What Makes a Non-Exceptional Trump Chump?

Richard Stanley

Well-Known Member
The following excerpted Atlantic article is a review of a book, Fraud: An American History From Barnum to Madoff, by the Duke University historian Edward Balleisen.

The review furthers the book's focus by placing Trump within this framework of understanding.

Let's remember episodes like Trump University, but perhaps, more importantly, is Trump's efforts to make himself appear like his blue collar base. (See the red highlighted below.) This from a man who lives in his three story penthouse lined with gold and hoity-toity artwork. No sir, he eats Macdonalds and KFC. Once in a blue moon, and for photo-ops. Remember that baby face interview with Rona Barrett? He was either acting then, or now, or both.

The excerpt mentions that the 1970's represented the high point of America's efforts to rein in fraud, but Reagan's supposed 'libertarian' streak began to dismantle these efforts, or at least, led to the still ongoing impulse to do so.

Fraud is a phenomenon that knows no borders, but American exceptionalism, as Balleisen shows, includes a special vulnerability to fraudsters and con artists. As he points out, “Many of the world’s most expensive and ambitious frauds have occurred in America” because “openness to innovation has always meant openness to creative deception.” The country’s lionization of entrepreneurs and inventors creates tempting opportunities for those trafficking in highly implausible scenarios. It has made the U.S. home to genuine innovators, from Thomas Edison to Oprah Winfrey, but it has also facilitated the far-reaching deceptions and empty promises perpetrated by people like Bernie Madoff on Wall Street and Elizabeth Holmes in Silicon Valley. Madoff’s Ponzi scheme was the largest known financial fraud in history, and Holmes’s biotech start-up Theranos faces multiple lawsuits and federal investigations after its products didn’t work as claimed. (Holmes and the company deny any wrongdoing.)

Misrepresentations are usually made possible by two factors: their complexity and their proponents’ social craftiness. Madoff and Holmes used both of these to their advantage. When it comes to complexity, the basic principle is that the less people understand of an underlying business proposition, the more vulnerable they are to being taken in by pretenders. Schemes involving science or math have been particularly successful because the knowledge needed to evaluate such proposals critically is not widely distributed in the population. This makes it easy to pass off nonsense as the next big thing. Balleisen’s book is littered with variations on this science-and-math theme, from lightning-rod scams to Americans’ passion for lotteries. These stories have a poignant edge, considering how many recent innovations originally were poorly understood and seemed totally fantastical, but worked anyway (such as paying for groceries with a mobile phone). Even for skeptical consumers, it can be difficult to distinguish between flimflam and genuine opportunities.

While complexity provides cover for con artists, it’s their social wiles that draw in their prey, known as “marks.” The scammers’ job is to make themselves seem not only trustworthy, but familiar: just like their marks, only more successful. The easiest way to perpetrate this deception is on members of one’s own demographic group—a phenomenon known as “affinity fraud.” In the 1920s, for example, Charles Ponzi, newly arrived from Italy, preyed on other immigrants through his eponymous pyramid scheme—a pattern repeated with other immigrant groups, including those from India, Eastern Europe, and Latin America, in the ensuing century. Immigrants, along with people from rural areas, have long been favored targets of fraud; as Balleisen writes, “demographic groups likely to suffer from informational gaps” are shut out, whether willfully or accidentally, from crucial knowledge about the world.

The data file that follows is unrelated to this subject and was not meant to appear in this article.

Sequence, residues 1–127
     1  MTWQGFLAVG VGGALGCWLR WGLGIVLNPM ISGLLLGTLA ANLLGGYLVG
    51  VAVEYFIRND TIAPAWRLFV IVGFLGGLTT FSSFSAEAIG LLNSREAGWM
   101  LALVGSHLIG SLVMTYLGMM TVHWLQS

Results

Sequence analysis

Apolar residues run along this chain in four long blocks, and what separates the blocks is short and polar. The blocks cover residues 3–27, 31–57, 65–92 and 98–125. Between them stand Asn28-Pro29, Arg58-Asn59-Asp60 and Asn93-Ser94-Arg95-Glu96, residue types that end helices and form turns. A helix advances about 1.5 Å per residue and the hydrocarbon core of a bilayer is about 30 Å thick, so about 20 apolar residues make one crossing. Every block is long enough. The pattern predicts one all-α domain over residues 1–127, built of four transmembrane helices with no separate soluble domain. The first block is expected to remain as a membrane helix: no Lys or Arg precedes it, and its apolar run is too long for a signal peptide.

Being of the same demographic group also helps a big-talking salesperson fine-tune the image of success that he or she must project in order to convince an audience. Elizabeth Holmes promoted Theranos in part by imitating the personal and management styles of previous Silicon Valley wunderkinds—right down to wearing the same kind of plain black turtleneck long associated with Steve Jobs. Madoff, for his part, gave lavishly to charities in order to insinuate himself into Jewish philanthropic networks, whose members’ trust—and money—he needed in order to prop up his scheme. Madoff succeeded in impersonating a successful person so well, said one finance-industry executive, that “There was a joke around that Bernie was the Jewish T-bill,” referring to U.S. Treasury bills, considered to be the ultimate secure investment. “He was that safe.”

In view of such a masterful deception, it would seem imperative to have strong protections in place against fraud. Yet, as Balleisen makes clear, American laws and cultural norms have vacillated for decades between protective regulations and the rule of caveat emptor. For example, while the 1970s represented a high point in the institutionalization of consumer protection, the Reagan era onwards has seen a systematic dismantling or disabling of those institutions as part of the politics of small government. In that larger historical picture, the election of a man whose business career was defined by, in the words of the New York Times reporter David Barstow, “an operatic record of dissembling and deception,” is not an anomaly, but the predictable culmination of a long-term trend in American life. ...


Richard Stanley

Well-Known Member
The following video breaks down Trump's speech patterns to reveal what made him so effective, the appeal to the lowest common denominator, at a 4th grade level. This is not because he is at that level, it is because he developed this skill.